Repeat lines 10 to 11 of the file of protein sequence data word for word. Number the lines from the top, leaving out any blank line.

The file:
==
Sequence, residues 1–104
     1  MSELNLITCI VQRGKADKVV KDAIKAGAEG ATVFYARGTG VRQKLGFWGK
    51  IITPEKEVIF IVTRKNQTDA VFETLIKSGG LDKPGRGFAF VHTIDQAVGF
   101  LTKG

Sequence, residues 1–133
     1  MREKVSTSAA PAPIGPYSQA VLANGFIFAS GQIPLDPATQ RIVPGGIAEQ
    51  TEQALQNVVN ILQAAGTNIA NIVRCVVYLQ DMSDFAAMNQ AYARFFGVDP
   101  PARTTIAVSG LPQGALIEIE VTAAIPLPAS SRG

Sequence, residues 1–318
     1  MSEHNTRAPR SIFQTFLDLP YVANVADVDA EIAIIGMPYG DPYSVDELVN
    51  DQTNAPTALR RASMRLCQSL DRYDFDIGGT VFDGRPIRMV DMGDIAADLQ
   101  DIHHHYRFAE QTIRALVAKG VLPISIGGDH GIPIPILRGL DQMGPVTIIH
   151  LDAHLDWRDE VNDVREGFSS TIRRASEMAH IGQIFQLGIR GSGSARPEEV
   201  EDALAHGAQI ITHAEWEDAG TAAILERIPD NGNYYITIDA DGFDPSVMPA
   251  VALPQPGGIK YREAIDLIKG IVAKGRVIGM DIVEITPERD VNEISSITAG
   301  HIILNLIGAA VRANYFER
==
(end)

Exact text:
     1  MSEHNTRAPR SIFQTFLDLP YVANVADVDA EIAIIGMPYG DPYSVDELVN
    51  DQTNAPTALR RASMRLCQSL DRYDFDIGGT VFDGRPIRMV DMGDIAADLQ